I am Ignasi Cunill, a photographic artist whose practice explores the boundaries between seeing and knowing. In broad terms, my photographic enquiry emerges from understanding that the relationship between what we see, name and know is never settled.
Within the context of everyday experience, the faculty of seeing is often uncontested in its power to enable our understanding of the world around us. However, seeing and naming are both learned experiences, both conforming to specific patterns within specific cultures. In short, the words and images we create and use to make sense of our surroundings seem part of a reductive, rather than an expansive system. In this way, verbal and visual language often interact to enforce expectations: they teach us what to expect from what surrounds us and, one wonders, may even teach us what and how to experience it.
Alongside verbal language, photography is a ubiquitous form of language for seeing and naming. I therefore take great interest in the semantic capabilities, boundaries and expectations arising from their interactions. Ultimately, these fuel my desire to imagine metaphorical middle grounds where words and images could interact less rigidly. Between the natural and the man-made, the physical and the psychical or the public and the private, lies a hypothetical interface where attempting to see, name and know, becomes all the more fascinating.
This new series sees culture and its by-products as both makers and destroyers of the human condition. From what we eat to what we wear, think and feel, cultural intrusions bombard humans unstoppably. From cultural fads entering our minds to chemical and radioactive compounds entering our bodies, the affect of cultural intrusions is not only psychological but also biological. Here is how the human is metaphorically linked to a cultural monster, deformed by an overdose of impositions that have affected even its genetic integrity.
As exotic specimens are displayed in glass tanks recreating their habitat, the series present metaphorical enclosures through the glass of which the viewer may rethink what can be seen, named and known as human. In HOMO SAPIENS, digitally constructed scenarios represent the cultural habitat of the human being as a cultural monster. Within this context, common ways of understanding the human at cultural and genetic level no longer apply.
As a cultural construct, our understanding of the landscape is mediated by the prescriptive language that defines it verbally and aesthetically. This has prompted my desire to reflect on traditional conventions on the landscape, while being fully aware of how it may be perceived and experienced in a contemporary context.
Being intrigued by spaces of elusive categorization has been central to conceiving the landscape as a repository for psychic, rather than merely physical qualities. In URBAN LANDSCAPES, the resulting images present liminal spaces full of subtle contradictions where ideas about the natural and cultural overlap. Focusing exclusively on metropolitan areas, this series aims at dislocating the precarious balance between words, mental and photographic images that aim at containing ideas on the natural and the man-made.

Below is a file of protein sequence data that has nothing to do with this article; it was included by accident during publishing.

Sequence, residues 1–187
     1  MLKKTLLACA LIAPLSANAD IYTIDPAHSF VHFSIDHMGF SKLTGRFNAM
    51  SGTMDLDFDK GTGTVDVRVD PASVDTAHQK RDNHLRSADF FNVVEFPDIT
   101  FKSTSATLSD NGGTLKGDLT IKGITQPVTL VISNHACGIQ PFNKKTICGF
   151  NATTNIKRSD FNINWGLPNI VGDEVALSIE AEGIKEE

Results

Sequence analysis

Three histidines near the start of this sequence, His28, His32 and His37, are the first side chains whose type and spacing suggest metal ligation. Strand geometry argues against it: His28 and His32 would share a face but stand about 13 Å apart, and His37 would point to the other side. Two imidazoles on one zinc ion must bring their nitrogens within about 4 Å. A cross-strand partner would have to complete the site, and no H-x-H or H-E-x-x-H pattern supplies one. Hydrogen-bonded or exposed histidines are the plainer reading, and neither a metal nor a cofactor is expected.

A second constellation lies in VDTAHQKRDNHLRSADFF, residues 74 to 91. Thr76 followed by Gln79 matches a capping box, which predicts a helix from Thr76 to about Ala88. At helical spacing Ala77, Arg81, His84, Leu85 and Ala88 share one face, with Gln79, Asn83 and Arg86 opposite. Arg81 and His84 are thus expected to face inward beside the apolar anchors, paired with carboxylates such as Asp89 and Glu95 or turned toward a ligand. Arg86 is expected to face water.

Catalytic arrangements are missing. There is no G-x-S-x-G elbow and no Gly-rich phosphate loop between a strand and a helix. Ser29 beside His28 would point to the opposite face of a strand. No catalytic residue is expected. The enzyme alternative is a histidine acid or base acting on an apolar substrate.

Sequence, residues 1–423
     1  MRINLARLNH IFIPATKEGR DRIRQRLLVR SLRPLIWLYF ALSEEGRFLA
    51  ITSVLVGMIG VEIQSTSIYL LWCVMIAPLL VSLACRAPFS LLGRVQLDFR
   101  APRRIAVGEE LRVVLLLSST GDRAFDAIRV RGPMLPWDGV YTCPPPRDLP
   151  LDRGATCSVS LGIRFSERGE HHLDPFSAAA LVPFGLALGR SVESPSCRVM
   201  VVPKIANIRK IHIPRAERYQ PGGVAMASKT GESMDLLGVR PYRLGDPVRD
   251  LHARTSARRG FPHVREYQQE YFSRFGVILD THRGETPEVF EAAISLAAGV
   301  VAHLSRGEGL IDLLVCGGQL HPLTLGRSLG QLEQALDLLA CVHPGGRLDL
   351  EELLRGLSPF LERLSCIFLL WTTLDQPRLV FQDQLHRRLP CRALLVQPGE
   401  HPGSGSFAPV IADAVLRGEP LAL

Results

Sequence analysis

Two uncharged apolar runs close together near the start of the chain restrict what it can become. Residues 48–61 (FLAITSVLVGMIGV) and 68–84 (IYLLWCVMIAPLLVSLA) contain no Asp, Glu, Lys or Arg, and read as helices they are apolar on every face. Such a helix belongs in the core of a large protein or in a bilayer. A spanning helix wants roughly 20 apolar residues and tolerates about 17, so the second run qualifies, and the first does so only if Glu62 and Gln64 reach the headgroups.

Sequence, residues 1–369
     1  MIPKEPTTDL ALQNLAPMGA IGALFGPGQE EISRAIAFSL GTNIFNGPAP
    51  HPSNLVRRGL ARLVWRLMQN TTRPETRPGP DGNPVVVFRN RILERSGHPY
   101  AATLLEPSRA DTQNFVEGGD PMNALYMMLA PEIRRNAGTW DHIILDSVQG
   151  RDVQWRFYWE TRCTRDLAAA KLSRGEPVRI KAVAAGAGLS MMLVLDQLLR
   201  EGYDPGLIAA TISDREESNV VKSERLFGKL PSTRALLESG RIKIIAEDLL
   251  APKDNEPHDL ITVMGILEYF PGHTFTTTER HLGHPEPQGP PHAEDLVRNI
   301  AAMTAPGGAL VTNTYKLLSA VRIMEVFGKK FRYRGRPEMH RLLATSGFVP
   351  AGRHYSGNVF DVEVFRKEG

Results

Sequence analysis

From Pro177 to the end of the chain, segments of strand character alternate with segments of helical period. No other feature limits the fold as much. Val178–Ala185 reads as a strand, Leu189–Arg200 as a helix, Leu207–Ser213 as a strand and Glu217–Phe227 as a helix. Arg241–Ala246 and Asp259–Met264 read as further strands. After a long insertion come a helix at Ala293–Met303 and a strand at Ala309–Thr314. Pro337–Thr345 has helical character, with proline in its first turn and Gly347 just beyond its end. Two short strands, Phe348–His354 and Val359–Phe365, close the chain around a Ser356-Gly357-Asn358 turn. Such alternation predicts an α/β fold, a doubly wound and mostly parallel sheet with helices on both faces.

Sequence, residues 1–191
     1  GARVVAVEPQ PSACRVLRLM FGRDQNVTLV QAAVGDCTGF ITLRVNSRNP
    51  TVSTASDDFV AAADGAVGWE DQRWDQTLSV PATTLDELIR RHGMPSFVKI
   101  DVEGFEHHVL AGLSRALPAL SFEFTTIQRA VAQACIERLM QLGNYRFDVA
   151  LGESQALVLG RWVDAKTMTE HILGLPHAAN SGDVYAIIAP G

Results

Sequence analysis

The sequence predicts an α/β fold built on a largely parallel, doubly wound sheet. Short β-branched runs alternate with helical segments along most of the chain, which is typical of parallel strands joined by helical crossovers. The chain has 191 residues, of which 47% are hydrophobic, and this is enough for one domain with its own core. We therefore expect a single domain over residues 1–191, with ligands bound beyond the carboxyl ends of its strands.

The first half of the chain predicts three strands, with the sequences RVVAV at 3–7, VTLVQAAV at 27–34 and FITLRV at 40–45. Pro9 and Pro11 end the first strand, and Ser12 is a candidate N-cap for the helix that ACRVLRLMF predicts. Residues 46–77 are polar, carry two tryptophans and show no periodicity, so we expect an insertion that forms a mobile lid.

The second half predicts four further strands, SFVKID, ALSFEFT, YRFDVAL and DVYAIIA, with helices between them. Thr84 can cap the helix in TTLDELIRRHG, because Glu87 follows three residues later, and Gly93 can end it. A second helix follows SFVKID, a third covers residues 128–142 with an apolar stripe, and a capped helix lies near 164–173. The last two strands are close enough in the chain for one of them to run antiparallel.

The faculty of seeing is often uncontested in its enabling our understanding of the world around us. The complexities regarding the experience of our surroundings and our position within them, may appear to be simplified by very prescriptive ways of seeing. Yet the relationship between what we see and what we know is full of uncertainties. Acknowledging this, THE UNDERLYING entertains the idea of disrupting conventional ways of interpreting our surroundings.
In its metaphorical approach, this work reflects on intellectual uncertainty and the possibility to question not only what is being seen, but also who is seeing what. within this frame of perceptual ambiguity, reductive views that aim at making sense of our surrounding world are re-examined. Thus perceived boundaries between the inside and the outside, the natural and cultural, the physical and the psychical and the tangible and the intangible, are no longer taken for granted. This is how the title of the work plays plays with the idea of searching for something else beneath the obvious, something beneath the outer layers of appearances and assumptions. In its unsettled state, what is underlying is then, by definition, something implicit, concealed but perhaps detectable through careful contemplation.
Traditional representations of the landscape have both idealised and vilified nature and human intervention. But crucially, ideas on what is natural and what is man-made have often been depicted as opposing one another. This opposition has been cemented by perceiving nature and human creation in terms of their relative function, as well as their relative superiority or inferiority. Reflecting on these historical distinctions within a contemporary context forms the basis to this series.
An interstice is an intervening space between closely positioned things. Within this series, the idea of the interstice enables the creation of a potential middle ground where the natural and the man-made are brought closer together. This is possible by recognising them both to be cultural constructions. Acknowledging this proximity, INTERSTICES consists of fictional landscapes of unspecified function. Traditional pictorial conventions converge with digital manipulation to make hierarchical distinctions between the natural and the man-made become unclear.